Sometimes we see companies acting on their own to correct issues that are found internally and do what needs to be done regardless to who the guilty parties are. Look at Microsoft just this last year. An internal investigation by Microsoft found that two of its key players in the Bing department had committed violations to company policy related to mismanagement of company assets and vendor relations. The company would not give any more details then that according to article by Alex Wilhelm back on March 19th 2012 posted on The Next Web site. I was somewhat shocked that Microsoft did all of this without it becoming a scandal first. I total respect their actions in this matter. One can only imagine what these guys were doing but they were key players with a major search engine. I don’t even want to guess the damage these two caused for not just the company but think of how many people that used Bing under their tenure that could have been affected. If the violations had gone on it could have been very harmful to not only Microsoft but to countless other business and internet users. Without a doubt Microsoft made the right decision to get ride of these guys no matter how valuable they were to the company.
To me the CEO of Microsoft had not only to think about the company but he also had to make it from a social standpoint as well. No company is invincible and a big scandal could even hurt or even take down a company as large as Microsoft. Plus, he has shareholders to worry about as well as company stock. Because so many people around the world use the Internet as their life’s blood the effects of a serious issue with a major search engine could cripple many a small business and would probably put many of them out of business even if Microsoft weathered the storm well. Next, you have to look at all the users that could have been affected. Not acting on this matter could have had devastating effects to Internet users and companies all over the world. That is a lot of responsibility and I think Microsoft made the right call on this one. I would have done the same thing.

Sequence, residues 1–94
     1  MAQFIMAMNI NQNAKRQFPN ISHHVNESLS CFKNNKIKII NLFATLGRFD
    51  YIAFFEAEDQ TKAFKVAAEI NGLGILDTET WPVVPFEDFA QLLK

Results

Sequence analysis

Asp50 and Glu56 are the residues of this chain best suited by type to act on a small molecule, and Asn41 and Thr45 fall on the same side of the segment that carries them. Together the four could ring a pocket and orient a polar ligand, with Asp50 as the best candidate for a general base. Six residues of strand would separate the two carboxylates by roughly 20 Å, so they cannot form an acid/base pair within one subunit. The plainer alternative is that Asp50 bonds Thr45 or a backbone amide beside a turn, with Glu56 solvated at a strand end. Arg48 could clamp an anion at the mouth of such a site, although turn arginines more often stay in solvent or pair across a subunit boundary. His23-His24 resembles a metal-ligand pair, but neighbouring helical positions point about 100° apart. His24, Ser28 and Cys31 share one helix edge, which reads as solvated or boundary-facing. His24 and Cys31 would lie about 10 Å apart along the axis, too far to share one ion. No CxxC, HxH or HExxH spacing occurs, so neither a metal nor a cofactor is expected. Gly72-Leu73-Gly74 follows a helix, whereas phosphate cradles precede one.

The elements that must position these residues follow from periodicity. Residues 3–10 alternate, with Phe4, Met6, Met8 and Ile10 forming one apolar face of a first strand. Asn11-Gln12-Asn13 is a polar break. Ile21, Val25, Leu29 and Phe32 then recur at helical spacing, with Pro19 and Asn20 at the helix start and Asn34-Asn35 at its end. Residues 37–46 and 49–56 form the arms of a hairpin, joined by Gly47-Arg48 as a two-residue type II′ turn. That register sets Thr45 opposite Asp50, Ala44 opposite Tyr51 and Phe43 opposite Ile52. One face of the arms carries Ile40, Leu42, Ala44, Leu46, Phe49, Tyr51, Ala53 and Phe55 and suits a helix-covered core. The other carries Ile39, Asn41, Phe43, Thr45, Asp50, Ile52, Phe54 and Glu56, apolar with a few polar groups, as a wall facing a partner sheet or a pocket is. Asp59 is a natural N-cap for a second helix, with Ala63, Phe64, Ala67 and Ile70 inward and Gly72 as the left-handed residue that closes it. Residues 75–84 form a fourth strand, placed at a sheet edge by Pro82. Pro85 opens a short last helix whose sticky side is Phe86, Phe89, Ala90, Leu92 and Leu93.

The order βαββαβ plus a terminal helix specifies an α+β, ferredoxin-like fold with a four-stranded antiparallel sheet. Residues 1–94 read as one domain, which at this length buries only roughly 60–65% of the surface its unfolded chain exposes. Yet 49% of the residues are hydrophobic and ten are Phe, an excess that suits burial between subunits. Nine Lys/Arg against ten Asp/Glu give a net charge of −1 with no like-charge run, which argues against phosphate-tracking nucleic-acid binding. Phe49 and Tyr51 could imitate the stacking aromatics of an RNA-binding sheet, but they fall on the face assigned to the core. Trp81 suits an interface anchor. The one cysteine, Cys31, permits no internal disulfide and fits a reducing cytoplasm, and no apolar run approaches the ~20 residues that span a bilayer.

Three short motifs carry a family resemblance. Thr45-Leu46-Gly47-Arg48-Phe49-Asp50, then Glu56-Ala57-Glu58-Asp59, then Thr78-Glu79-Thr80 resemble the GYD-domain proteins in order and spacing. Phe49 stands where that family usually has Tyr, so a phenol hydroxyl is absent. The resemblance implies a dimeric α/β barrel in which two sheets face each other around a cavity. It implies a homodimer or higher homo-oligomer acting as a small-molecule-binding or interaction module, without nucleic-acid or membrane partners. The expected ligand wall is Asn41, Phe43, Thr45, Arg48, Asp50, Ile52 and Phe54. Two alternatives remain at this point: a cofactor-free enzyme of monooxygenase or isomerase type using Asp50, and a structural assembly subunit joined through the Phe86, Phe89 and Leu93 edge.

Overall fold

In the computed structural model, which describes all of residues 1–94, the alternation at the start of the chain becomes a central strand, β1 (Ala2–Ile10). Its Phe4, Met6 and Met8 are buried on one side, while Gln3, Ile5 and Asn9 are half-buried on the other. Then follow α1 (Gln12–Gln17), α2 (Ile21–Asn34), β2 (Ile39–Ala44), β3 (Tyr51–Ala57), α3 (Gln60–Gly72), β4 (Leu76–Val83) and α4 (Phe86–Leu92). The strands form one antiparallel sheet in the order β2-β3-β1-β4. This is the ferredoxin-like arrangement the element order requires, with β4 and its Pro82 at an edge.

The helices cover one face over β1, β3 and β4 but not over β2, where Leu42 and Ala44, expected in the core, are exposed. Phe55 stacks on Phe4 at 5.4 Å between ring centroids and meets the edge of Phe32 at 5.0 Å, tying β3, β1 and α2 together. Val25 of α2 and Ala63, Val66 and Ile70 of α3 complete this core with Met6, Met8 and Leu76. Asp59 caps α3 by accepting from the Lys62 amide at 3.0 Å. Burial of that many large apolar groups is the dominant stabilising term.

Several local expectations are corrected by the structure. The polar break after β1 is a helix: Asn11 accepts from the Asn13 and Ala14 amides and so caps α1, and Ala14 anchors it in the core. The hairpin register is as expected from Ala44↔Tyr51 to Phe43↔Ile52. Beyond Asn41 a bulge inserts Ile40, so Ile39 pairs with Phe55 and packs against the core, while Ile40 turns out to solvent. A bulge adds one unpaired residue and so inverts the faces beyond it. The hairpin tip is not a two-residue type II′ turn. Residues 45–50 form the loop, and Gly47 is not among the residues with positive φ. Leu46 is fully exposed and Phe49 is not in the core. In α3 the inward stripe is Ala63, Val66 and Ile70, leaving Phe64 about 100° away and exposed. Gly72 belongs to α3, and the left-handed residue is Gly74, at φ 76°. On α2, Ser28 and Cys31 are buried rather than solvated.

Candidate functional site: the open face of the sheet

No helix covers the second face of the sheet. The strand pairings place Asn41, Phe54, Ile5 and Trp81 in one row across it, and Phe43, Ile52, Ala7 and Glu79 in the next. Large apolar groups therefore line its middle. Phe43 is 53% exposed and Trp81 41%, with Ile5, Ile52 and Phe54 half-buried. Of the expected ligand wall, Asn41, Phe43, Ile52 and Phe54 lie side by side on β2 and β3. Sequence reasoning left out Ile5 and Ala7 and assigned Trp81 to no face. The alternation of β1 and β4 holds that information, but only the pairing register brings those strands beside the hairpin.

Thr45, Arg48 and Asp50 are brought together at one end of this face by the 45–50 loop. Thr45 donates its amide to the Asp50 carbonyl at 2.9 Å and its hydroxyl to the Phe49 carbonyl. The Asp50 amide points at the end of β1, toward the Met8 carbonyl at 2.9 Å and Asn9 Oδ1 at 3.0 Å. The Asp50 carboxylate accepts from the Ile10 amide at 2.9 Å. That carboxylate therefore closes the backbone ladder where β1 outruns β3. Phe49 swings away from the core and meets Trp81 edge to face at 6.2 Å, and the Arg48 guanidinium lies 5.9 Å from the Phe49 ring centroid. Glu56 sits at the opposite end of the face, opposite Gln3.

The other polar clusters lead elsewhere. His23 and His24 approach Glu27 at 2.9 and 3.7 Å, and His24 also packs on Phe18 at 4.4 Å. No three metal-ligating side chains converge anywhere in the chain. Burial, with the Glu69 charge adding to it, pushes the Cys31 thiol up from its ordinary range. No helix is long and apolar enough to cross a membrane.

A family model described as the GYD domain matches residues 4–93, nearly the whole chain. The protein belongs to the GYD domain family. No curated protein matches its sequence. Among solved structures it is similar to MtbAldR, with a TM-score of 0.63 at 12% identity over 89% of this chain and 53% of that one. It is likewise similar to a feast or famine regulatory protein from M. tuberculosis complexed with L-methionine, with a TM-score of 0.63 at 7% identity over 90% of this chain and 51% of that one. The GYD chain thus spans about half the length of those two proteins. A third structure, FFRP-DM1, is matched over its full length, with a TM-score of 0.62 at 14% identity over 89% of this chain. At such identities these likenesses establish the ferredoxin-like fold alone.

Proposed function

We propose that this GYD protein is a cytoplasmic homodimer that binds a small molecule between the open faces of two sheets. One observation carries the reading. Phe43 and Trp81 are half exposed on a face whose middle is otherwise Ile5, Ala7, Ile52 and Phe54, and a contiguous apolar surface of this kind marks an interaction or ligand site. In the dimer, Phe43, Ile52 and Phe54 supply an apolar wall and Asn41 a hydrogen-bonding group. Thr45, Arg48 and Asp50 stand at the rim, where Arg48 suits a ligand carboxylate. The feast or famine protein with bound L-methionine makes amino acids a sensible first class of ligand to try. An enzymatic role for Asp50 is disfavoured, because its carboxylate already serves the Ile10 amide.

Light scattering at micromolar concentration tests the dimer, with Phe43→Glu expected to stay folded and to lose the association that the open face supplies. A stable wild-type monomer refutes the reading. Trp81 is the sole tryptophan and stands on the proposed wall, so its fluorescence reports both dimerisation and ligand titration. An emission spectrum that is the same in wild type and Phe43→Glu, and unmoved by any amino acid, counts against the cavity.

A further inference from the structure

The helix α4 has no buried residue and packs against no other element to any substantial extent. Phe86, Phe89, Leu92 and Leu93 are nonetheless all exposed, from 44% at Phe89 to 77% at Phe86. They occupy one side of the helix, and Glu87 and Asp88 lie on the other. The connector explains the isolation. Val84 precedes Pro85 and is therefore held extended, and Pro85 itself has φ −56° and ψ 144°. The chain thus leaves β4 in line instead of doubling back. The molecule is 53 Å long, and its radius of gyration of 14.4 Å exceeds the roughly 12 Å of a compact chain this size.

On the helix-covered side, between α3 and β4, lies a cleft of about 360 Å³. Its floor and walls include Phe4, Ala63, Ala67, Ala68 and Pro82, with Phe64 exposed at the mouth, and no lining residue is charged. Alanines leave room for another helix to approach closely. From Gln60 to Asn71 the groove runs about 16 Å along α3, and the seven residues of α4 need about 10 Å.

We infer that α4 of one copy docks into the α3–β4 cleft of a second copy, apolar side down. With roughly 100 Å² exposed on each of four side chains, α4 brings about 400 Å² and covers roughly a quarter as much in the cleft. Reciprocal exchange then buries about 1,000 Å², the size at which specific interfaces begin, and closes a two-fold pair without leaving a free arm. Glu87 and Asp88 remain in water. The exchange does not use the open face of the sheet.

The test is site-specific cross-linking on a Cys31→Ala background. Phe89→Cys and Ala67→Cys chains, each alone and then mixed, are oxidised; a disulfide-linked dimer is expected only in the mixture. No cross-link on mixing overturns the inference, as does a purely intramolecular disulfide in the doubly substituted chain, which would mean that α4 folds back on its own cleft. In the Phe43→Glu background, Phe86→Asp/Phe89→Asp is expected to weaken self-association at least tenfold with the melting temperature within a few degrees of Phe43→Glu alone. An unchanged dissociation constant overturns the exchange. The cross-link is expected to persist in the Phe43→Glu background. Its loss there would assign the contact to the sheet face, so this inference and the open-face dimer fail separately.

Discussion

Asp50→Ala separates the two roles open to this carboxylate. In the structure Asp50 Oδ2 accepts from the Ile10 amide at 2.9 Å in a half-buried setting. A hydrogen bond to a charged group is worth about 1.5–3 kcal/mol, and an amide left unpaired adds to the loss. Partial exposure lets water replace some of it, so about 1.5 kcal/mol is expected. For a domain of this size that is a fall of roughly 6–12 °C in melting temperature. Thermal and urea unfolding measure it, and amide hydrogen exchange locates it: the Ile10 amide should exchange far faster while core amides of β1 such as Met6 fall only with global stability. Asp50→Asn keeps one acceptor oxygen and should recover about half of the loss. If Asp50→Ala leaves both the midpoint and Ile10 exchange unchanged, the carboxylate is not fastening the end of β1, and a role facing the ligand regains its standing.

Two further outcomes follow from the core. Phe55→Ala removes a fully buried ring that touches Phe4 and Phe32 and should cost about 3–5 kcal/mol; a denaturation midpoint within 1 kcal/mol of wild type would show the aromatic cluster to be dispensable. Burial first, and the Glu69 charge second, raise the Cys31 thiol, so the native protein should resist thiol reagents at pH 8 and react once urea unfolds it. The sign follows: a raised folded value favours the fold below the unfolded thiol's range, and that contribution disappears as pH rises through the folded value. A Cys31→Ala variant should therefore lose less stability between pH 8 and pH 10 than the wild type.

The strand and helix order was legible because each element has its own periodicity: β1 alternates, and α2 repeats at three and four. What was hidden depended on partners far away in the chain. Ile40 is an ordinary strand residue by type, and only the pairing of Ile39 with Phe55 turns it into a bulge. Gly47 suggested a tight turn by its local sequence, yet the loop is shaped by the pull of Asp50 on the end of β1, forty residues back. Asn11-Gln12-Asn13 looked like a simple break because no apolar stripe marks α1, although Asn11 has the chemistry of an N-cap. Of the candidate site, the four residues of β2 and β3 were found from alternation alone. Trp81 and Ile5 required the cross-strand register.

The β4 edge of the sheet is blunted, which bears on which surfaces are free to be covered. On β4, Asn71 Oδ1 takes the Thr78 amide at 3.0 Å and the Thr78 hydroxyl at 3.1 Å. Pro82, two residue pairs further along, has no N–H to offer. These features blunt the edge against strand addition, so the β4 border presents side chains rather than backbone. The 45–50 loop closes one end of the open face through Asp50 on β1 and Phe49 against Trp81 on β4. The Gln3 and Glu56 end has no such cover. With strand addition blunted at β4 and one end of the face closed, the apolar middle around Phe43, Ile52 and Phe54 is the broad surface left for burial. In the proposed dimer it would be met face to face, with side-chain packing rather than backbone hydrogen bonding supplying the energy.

In a study done by Crawford Camiciottli, Belinda entitled “Ethics and Ethos in Financial Reporting: Analyzing Persuasive Language in Earnings Calls” they looked at the language used by executives in communicating in earning meetings to better understand the usage of ethics-related language. The way the top brass talks about things as important to a company as earnings in an ethical manner will effect the behavior of those under them for right or wrong. In the case of Microsoft I think it could not have been more clear as to the message they sent to company employees as that of letting go of two key figures to a department for policy violations and that is a message of no tolerance for that type of actions. For a large company like Microsoft a no tolerance policy is the way to go to protect everyone both internal and external to the company.